It’s exciting to see Shyamalan on such confident footing once more, all these years later.
Edward Dmytryk's "Shalako" is a disappointment from this veteran action director, whose recent "Anzio" was a cut above most war epics. This time Dmytryk dissipates the tension, despite the presence in his cast of two formidable symbols of one thing or another: Sean Connery and Brigitte Bardot.
The story shows definite signs of having been inspired, if that is the word, by Paul Newman's "Hombre" (1967). Both films deal with experienced Westerners who get stuck with the job of guiding a bunch of tenderfoots to safety. But "Hombre" showed Newman in a ticklish moral dilemma. A white man raised by Indians, he had become one himself. Why should he save the very settlers who were breaking treaties and ravaging tribal homelands? Connery's situation is simpler: He saves a European aristocrat's hunting party, I guess, simply because he's after Brigitte Bardot.
The plot, once it's introduced, turns out to be pretty unoriginal. There's even a specific twist stolen from "Hombre": The young wife of one of the older members of the party decides to leave her husband for the desperado who's robbing them. In "Hombre," something was made of this; in "Shalako," nothing. Indeed, all problems are solved at the level of action, and Dmytryk avoids the opportunity to develop his characters more deeply.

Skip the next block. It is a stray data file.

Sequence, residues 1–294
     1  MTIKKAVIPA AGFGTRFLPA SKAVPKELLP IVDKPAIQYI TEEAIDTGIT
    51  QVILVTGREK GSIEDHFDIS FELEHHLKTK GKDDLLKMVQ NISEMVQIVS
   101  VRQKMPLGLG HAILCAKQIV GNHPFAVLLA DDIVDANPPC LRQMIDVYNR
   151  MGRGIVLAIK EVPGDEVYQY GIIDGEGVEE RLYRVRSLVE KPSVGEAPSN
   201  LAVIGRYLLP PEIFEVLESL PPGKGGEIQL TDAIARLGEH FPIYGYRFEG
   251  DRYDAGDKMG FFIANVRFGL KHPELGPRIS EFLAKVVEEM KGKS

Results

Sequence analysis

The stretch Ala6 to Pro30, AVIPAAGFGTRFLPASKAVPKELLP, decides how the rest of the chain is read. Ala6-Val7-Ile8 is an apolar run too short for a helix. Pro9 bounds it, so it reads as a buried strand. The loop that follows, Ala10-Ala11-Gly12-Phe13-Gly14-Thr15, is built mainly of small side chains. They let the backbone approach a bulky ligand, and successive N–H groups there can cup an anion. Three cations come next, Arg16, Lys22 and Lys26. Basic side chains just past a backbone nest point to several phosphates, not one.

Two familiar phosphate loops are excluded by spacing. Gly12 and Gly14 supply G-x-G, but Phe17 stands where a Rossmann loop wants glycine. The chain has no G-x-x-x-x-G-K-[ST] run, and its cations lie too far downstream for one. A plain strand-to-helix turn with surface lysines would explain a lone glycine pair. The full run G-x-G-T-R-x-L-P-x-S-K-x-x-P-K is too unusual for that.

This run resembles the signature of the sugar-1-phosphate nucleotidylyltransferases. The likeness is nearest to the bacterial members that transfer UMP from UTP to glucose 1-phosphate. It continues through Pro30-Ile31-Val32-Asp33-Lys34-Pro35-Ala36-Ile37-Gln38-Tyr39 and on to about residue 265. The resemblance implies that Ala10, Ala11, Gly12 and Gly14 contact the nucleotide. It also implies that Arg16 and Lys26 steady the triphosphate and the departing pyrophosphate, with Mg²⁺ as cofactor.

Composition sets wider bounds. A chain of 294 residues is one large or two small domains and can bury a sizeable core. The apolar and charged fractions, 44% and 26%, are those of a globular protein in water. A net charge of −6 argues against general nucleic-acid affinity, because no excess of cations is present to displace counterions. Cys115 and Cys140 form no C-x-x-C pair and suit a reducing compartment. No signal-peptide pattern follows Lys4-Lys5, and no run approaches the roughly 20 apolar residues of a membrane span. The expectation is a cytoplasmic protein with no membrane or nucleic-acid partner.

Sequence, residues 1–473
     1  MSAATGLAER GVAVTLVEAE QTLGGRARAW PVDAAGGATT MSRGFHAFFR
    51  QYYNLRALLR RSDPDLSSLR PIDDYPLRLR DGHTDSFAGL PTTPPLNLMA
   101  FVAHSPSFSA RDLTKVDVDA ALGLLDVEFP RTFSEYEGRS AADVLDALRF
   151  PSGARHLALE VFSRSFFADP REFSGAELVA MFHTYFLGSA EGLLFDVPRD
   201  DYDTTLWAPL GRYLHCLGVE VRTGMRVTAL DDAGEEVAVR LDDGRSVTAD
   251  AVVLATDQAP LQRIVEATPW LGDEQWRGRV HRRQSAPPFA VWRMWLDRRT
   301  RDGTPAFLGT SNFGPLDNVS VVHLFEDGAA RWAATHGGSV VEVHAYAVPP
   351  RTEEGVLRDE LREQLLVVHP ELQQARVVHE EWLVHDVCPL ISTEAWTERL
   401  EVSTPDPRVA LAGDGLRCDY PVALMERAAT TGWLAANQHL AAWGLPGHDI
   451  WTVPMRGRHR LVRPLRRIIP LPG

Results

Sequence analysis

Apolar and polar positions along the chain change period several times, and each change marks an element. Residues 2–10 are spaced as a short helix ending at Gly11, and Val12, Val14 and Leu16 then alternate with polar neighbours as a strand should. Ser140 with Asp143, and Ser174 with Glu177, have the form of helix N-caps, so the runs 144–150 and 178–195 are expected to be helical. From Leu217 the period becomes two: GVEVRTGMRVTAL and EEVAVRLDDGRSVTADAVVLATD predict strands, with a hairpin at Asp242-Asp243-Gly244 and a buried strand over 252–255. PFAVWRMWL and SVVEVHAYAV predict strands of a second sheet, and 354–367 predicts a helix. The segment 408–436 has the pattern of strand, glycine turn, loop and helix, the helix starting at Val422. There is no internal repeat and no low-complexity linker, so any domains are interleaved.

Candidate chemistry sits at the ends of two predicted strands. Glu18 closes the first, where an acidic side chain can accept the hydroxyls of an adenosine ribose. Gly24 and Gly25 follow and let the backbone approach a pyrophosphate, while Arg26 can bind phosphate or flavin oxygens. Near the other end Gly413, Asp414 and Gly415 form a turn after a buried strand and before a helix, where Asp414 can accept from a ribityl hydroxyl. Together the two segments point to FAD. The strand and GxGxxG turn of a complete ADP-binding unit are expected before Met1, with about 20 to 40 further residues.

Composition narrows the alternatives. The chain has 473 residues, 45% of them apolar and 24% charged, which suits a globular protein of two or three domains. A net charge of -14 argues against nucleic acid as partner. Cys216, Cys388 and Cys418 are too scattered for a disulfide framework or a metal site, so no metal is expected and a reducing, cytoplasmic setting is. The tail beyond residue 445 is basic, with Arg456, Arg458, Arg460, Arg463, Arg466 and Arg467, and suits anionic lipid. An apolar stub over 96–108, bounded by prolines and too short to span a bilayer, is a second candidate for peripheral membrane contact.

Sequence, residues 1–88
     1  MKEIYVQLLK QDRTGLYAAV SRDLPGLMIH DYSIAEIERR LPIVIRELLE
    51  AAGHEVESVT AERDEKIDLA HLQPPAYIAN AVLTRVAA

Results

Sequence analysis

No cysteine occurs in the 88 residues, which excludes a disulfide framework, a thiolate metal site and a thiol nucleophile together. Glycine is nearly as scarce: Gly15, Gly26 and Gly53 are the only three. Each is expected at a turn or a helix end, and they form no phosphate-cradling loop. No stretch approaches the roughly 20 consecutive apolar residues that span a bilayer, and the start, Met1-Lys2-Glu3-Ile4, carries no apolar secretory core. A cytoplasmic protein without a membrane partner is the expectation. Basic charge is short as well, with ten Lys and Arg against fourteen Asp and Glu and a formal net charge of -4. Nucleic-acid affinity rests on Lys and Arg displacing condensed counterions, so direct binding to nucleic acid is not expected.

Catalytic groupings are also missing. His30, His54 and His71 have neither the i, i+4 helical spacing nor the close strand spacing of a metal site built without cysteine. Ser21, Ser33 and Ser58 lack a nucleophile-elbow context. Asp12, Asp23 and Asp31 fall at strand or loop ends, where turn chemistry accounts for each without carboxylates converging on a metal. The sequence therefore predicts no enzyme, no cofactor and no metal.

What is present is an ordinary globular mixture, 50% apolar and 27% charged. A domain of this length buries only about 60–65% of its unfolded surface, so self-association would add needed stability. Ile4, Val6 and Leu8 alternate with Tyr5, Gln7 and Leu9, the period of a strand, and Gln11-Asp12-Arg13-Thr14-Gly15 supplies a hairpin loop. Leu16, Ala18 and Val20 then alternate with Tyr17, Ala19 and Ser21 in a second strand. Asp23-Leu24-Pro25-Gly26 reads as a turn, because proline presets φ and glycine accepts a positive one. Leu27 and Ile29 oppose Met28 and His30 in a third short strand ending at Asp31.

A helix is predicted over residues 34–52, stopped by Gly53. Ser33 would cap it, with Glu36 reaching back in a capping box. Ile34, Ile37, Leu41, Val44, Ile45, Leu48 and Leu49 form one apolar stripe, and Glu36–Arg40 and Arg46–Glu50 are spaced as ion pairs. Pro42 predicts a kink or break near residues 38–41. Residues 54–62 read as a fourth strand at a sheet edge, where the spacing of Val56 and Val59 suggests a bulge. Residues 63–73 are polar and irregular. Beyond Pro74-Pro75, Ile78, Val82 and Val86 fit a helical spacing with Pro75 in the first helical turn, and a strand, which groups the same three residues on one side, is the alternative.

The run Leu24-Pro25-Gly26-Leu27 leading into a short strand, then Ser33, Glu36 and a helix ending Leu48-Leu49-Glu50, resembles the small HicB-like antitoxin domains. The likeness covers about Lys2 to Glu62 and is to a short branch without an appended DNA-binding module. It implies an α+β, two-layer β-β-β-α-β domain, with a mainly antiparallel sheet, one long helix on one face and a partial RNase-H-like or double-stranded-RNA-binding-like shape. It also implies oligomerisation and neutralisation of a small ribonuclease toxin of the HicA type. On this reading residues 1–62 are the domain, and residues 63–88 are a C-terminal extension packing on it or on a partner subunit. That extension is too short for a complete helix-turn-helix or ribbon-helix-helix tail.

That would be good if the action was better, but it isn't. A sequence near the beginning shows Miss Bardot in a depression in the earth, fighting off several Indians who surround her. In the way the scene is arranged and photographed, it looks surprisingly like a scene in "Anzio," where Robert Mitchum was fighting off Nazis instead of Indians.
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